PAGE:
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From the Parish Historian

posted Sep 19, 2014, 11:11 AM by Amelia Fannin   [ updated Sep 19, 2014, 11:11 AM by in apropos ]
As you enter Grace’s sanctuary, what physical features do you observe? First time visitors often remark upon the sparkling shafts of sunlight that enter through our remarkable stained-glass windows. Yet architect Alexander Esty also hoped that we would notice the unusual number of pillars – which he designed as a visual metaphor for the determined founding mothers and fathers of Grace Church. These columns, stone and wood, short and tall, skinny and wide, were intended by Esty to represent both the physical shapes and sizes of the people, as well as their individual contributions to building up the Grace Church community. Even a person small in stature could be “mighty” in their determination to insure the success of the new parish. Alexander Esty was impressed by their resolve, and wanted to create a visible depiction of the contributions of each. The main roof supports are massive, yet the pair at the front pews each have help from twin skinny “assistants”. Look about the high altar…look in the corners… Enter Grace Church’s sanctuary again for the first time – noticing the many and diverse pillars.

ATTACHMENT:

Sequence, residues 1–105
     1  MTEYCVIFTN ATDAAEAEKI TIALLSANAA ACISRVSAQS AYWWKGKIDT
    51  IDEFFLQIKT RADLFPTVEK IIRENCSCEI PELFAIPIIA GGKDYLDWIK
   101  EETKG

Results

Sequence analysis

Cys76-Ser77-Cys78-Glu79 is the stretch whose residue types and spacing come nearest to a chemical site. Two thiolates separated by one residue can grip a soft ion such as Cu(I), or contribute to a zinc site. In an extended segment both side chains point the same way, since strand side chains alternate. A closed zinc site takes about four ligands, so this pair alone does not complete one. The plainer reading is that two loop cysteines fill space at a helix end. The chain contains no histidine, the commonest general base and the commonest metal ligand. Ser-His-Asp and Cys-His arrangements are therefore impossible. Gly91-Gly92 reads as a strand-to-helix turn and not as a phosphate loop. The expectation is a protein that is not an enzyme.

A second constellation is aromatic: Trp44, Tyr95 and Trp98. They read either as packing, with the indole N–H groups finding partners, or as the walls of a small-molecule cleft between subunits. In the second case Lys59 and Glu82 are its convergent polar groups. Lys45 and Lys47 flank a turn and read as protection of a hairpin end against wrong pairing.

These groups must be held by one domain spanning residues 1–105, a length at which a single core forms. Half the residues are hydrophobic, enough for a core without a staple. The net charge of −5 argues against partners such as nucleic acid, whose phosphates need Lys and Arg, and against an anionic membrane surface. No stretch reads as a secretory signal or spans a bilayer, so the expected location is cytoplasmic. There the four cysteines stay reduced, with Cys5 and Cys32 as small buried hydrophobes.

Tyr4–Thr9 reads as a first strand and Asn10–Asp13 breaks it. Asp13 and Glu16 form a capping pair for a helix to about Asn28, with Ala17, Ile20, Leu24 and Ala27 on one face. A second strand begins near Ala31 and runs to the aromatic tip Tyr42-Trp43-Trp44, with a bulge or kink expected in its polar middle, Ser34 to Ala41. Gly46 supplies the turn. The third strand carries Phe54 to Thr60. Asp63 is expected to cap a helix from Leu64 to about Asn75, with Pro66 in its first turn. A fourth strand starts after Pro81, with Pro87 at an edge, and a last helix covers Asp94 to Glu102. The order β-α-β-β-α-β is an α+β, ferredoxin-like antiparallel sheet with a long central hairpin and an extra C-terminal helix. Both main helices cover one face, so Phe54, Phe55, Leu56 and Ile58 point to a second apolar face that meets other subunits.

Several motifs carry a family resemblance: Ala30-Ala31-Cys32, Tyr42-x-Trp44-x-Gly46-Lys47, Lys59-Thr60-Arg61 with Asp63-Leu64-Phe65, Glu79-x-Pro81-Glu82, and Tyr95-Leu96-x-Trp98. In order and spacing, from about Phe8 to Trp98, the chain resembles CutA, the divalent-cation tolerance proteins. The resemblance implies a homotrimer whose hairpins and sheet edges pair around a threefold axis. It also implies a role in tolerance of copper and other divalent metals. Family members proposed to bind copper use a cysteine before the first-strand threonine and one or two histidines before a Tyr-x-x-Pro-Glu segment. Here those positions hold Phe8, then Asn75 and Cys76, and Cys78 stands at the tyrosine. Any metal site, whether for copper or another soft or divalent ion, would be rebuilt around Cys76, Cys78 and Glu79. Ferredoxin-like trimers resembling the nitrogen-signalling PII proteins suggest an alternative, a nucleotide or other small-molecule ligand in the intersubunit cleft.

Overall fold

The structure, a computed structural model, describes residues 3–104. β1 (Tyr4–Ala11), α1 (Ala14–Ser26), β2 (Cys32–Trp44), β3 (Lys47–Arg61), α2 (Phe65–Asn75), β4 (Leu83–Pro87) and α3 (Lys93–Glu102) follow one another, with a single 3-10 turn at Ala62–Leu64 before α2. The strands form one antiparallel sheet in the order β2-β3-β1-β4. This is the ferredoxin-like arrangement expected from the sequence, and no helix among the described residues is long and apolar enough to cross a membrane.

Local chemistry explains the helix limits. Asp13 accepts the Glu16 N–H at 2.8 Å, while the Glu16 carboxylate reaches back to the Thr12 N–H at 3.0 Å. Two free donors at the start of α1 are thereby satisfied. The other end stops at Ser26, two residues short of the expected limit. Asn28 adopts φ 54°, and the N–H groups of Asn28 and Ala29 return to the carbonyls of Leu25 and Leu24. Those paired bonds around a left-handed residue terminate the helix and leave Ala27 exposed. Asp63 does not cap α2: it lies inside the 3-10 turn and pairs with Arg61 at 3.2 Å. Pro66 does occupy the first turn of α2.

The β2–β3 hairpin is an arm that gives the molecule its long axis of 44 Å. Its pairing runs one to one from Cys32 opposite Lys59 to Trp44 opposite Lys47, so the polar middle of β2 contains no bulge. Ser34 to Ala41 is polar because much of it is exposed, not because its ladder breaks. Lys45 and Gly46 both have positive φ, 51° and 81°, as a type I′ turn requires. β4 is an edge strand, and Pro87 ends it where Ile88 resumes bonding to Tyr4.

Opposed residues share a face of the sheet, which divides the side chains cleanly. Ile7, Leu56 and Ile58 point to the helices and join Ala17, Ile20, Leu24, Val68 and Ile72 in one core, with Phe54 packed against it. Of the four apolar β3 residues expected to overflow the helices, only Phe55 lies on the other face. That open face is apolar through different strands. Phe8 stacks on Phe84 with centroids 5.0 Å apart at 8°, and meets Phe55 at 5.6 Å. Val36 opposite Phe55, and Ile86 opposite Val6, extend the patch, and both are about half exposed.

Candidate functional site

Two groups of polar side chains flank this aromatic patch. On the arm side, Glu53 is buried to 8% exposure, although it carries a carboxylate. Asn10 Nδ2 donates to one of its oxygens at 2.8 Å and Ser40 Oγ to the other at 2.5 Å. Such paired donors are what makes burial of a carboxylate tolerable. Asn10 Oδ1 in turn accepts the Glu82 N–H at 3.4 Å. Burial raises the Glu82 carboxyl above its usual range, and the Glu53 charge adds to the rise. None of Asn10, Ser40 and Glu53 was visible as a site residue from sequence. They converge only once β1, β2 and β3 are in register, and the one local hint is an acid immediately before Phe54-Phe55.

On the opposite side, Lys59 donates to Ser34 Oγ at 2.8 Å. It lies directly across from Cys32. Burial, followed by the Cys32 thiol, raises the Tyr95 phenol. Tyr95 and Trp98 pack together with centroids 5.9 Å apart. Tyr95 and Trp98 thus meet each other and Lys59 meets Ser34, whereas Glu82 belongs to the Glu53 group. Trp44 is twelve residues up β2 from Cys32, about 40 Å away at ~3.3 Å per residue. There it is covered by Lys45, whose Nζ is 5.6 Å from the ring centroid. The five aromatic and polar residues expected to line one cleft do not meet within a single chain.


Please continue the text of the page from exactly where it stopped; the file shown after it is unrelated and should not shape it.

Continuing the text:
In her sermon on Welcome Back Sunday, Regina recounted her experience of visiting a brick church in the West. The structure was constructed with damaged, cracked bricks scavenged from the reject pile of the local brick factory, and saved by the rector until he had accumulated enough bricks to build the church. Just as each cracked brick supports the other in this structure, so do the members support each other in the church community. Her charming story brought to mind our own story of Alexander Esty’s respect for the members of the Grace Church community, and his wish to depict the diverse contributions of these individuals, using the pillars and columns as his metaphor.

Don Kennedy, Parish Historian